jm + intolerance   2

I Accidentally Made Myself Lactose Intolerant With Whole30
A few years back, I had a nasty bout of food poisoning while travelling, which made me lactose-intolerant for several years. Sounds like this may be more common than you'd think, based on this article:
If you haven’t heard of Whole30, some information: It’s a month-long eating plan that aims to help followers hit “the reset button with your health, habits, and relationship with food.” For 30 days, you cut out soy, legumes, grains, sugars, alcohol, and, of course, dairy. [....]

When you reach the end of the Whole30, you’re supposed to add the forbidden food groups back into your diet one at a time. The goal is to figure out which foods are making you feel sluggish, bloated, or just generally not great, so you can ostensibly keep on avoiding them forever.

I didn’t do that part. I just jumped right back into eating what I wanted — but suddenly nothing was the same. That first bowl of ice cream I’d been looking forward to for weeks was quickly followed by sharp stomach pains and what can best be described (grossly, but accurately) as bubble gut. [....]

The good news, according to gastrointestinal specialist Kim Barrett, a professor of medicine at the University of California, San Diego, is that I’m not crazy. The bad news is that dairy no longer agrees with my body’s biology. Turns out, it is possible to suddenly make yourself lactose intolerant.

“To some extent, our ability to handle lactose is a use-it-or-lose-it phenomenon,” Barrett says. The body digests lactose — a disaccharide — by using lactase, an enzyme in the small intestine, to break it down into the monosaccharides glucose and galactose, which can then be absorbed. “If you don’t have the [lactose] substrate in the diet, you start to reduce the synthesis of the lactase enzyme to digest it,” Barrett explains. “After a period of completely excluding lactose from the diet, you may not have any of those digestive enzymes present.”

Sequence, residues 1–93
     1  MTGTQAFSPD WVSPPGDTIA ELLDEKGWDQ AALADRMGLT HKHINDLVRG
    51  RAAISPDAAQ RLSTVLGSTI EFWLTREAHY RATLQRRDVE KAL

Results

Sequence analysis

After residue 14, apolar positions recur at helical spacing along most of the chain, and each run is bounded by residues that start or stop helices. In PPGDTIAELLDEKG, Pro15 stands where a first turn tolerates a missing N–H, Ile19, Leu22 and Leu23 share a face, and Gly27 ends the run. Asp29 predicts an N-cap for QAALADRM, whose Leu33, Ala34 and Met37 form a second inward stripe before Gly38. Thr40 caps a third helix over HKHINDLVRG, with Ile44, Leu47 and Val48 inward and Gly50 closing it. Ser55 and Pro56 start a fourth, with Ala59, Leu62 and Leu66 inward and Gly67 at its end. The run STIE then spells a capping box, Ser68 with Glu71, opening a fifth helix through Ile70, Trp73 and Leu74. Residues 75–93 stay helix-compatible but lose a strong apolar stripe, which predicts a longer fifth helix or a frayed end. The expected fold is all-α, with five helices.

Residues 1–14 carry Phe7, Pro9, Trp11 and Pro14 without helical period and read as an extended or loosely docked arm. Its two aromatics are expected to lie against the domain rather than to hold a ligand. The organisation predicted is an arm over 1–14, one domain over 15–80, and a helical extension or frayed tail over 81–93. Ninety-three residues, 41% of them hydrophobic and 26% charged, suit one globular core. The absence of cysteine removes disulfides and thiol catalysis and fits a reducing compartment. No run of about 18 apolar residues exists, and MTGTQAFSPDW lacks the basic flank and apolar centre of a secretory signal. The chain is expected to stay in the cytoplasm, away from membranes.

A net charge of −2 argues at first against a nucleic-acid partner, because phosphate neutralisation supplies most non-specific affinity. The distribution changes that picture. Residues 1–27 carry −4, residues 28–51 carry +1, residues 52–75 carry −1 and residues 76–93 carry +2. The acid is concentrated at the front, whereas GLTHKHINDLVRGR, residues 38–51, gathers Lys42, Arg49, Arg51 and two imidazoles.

diet  food  lactose  lactase  intolerance  whole30  milk  cheese 
14 days ago by jm
Paradox of tolerance
The paradox of tolerance was described by Karl Popper in 1945. The paradox states that if a society is tolerant without limit, their ability to be tolerant will eventually be seized or destroyed by the intolerant. Popper came to the seemingly paradoxical conclusion that in order to maintain a tolerant society, the society must be intolerant of intolerance.
psychology  diversity  paradoxes  karl-popper  tolerance  intolerance  racism 
june 2018 by jm

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